Wednesday, July 30, 2014

Film Week

A review of the films I've seen this past week.

PIRANHA (1978)
For some reason, I'd just never seen this Roger Corman-produced horror flick before. Joe Dante is one of my favorite directors, and here he and screenwriter John Sayles craft a Jaws rip-off that has a lot of goofy charm in large part because it's not trying to do anything more than just be a by-the-numbers horror flick. It feels more like a movie some people made on the weekends with friends, just enjoying the silliness of the whole thing and then casting greats like Kevin McCarthy, Barbara Steele, Keenan Wynn, and my beloved Dick Miller. It doesn't feel like a cheap rip-off--even though it basically is--because it feels like the people making it are just enthusiastic about making movies. I don't feel that in a lot of movies these days. And hey, Phil Tippet and Rob Bottin worked on it, too. This is my generation of filmmakers. ***1/2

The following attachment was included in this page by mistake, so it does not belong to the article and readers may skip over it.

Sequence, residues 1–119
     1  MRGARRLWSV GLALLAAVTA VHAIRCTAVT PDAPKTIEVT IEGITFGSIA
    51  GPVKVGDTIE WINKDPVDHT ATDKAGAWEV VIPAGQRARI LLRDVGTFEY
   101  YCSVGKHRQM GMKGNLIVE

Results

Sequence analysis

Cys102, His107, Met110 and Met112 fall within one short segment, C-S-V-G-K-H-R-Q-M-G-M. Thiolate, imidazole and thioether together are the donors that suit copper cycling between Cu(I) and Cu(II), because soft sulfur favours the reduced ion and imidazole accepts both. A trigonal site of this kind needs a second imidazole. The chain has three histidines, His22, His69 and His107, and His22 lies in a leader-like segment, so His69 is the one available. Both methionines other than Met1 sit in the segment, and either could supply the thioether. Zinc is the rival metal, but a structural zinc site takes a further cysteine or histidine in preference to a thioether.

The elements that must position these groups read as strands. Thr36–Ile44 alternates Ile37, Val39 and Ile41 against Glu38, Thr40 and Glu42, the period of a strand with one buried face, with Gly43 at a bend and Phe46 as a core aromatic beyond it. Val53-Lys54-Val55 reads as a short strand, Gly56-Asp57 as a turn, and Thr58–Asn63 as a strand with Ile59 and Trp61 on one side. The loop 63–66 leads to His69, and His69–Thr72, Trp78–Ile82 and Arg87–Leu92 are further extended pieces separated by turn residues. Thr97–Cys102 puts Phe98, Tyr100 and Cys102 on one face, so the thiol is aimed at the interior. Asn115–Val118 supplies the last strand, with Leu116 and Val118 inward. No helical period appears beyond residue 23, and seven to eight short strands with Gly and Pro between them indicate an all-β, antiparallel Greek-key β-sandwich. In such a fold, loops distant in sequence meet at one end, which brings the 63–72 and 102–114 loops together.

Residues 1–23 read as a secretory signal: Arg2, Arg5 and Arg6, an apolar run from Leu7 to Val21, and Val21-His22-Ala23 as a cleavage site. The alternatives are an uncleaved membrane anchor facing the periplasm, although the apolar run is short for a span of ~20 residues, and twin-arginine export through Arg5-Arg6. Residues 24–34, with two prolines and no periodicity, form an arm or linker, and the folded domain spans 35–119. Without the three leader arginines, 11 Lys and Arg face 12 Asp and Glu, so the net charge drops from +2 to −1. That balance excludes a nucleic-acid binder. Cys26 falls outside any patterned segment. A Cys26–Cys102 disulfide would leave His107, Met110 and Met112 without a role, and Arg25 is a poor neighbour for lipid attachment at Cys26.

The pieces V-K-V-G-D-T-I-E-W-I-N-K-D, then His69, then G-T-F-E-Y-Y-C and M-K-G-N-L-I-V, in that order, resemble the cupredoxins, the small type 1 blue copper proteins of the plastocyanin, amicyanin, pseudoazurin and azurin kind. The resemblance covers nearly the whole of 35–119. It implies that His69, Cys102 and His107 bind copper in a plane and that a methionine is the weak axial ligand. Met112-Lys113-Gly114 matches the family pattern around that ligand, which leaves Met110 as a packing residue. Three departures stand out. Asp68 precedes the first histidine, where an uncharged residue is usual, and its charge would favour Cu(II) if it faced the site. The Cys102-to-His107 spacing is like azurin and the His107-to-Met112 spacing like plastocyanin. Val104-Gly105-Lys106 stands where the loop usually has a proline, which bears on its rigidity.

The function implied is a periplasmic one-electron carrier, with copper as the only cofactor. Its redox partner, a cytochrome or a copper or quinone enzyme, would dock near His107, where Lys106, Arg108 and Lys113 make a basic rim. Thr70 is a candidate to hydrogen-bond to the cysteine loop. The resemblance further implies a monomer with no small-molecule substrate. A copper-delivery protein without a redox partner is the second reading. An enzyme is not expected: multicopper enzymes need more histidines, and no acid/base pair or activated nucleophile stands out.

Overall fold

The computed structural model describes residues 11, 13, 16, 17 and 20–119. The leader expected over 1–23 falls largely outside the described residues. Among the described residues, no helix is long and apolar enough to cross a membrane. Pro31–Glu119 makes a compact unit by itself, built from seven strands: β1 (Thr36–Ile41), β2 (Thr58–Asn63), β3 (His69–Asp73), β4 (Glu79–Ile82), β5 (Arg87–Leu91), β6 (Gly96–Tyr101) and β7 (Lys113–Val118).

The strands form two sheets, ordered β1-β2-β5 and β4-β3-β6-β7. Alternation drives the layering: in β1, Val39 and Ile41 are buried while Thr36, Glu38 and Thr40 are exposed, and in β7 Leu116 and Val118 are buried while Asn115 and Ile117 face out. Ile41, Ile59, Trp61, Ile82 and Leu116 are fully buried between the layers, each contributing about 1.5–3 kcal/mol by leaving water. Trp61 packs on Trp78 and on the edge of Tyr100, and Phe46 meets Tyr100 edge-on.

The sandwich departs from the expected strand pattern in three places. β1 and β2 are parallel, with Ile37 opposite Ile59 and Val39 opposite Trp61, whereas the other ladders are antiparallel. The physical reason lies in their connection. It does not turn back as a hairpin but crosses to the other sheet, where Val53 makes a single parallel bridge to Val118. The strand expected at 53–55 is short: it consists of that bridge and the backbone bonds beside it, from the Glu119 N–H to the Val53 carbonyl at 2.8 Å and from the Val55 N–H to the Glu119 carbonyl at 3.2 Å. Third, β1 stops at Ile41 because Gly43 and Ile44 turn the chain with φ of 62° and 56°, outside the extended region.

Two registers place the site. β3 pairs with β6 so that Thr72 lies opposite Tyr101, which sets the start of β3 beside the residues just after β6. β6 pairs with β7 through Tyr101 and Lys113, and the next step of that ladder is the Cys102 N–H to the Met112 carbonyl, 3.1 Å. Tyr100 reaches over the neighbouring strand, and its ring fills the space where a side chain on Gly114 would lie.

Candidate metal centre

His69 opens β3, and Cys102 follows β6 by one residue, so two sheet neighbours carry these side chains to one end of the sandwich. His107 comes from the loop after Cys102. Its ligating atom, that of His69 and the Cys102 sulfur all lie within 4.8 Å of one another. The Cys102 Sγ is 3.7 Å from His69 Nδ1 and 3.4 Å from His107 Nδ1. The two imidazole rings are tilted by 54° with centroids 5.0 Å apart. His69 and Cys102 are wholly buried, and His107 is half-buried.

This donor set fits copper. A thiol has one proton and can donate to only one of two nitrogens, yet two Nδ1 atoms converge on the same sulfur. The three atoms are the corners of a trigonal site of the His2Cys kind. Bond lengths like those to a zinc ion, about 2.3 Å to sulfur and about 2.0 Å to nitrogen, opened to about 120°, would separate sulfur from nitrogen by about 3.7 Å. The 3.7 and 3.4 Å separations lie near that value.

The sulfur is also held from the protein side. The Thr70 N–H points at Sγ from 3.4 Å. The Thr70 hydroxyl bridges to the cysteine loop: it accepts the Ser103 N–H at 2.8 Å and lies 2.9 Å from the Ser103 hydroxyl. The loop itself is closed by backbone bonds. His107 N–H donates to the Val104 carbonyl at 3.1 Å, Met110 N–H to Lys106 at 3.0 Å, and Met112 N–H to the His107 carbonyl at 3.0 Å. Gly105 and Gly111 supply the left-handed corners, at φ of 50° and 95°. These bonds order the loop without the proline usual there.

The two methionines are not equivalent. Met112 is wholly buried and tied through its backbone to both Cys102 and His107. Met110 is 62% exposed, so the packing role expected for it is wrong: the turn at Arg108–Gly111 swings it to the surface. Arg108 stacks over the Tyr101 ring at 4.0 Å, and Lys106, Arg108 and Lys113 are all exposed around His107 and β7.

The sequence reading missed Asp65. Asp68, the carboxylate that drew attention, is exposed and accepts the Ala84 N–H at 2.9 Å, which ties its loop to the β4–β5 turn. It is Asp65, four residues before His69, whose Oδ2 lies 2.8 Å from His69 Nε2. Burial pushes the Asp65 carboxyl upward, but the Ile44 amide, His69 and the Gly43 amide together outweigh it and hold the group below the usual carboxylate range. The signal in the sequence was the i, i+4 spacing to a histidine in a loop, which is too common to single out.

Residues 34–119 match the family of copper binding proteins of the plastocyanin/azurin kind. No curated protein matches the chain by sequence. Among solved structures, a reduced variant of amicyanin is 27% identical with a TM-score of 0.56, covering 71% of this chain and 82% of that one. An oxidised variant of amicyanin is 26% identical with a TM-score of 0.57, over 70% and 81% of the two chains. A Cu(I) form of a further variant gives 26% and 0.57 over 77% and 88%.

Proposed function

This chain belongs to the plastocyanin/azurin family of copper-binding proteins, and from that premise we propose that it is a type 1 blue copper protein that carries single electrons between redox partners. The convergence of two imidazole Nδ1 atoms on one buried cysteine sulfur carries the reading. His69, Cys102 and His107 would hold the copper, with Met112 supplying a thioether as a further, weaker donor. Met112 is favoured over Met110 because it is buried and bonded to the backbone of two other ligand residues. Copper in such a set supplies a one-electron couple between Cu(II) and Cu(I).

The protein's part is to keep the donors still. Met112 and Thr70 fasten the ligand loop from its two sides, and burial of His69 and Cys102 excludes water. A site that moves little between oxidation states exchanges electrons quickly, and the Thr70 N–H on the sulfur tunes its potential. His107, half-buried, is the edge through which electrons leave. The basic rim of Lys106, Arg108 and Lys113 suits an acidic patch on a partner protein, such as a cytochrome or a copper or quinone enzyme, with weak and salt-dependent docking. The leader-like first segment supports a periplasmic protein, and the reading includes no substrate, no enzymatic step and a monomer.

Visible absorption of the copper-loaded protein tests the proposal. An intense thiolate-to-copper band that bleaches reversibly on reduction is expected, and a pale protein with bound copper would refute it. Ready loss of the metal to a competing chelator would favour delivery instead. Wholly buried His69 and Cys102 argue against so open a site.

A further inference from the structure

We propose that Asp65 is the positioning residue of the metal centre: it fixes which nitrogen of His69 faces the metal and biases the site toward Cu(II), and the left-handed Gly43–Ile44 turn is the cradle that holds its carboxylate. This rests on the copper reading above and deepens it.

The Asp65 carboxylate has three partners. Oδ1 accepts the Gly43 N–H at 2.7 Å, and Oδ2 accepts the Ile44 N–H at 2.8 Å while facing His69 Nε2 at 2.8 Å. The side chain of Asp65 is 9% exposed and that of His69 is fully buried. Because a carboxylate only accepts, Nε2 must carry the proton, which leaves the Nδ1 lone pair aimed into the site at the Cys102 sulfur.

Two friends want to lose their virginity in the summer between high school and college. It's pretty to look at, but boring and empty. Dakota Fanning and Elizabeth Olsen are the girls, and they are completely miscast. They've obviously been cast because they were never in typical teen movies, and writer-director Naomi Foner wants this to be a more profound, measured movie. But there's a timing issue here; Fanning and Olsen are 20 and 25, and I just saw Elizabeth Olsen playing a mother in Godzilla two months ago, so they both seem beyond their roles. They've played wise-beyond-their-years so many times that it's very hard to buy them as awkward teenagers navigating a summer romance; though Olsen makes her character a little more believable (she's clearly the better actress here, and she's underused), they mainly come across like aliens who don't understand this human world around them, and have decided to cope with it mainly by staring off into the distance (though their faces do look lovely on camera). The guy who is their object of their affections, Boyd Holbrook, is believable as a crush object. Unfortunately, the movie makes him a romantic lead, and he's not capable of it; he's like if they sucked the personality out of Ryan Gosling and now we're just left with a pile of shrugs and mumbles and condescending, dead-eyed looks. So Dakota likes him and starts sleeping with him, but doesn't tell Elizabeth, who likes him and wants to sleep with him, and then there's stuff with their miscast parents and it just sort of sits there. It's weird how every story beat seems calculated for maximum effect, and yet the girls are just steady and boring the whole way through, completely disaffected in a very, very dull movie. **

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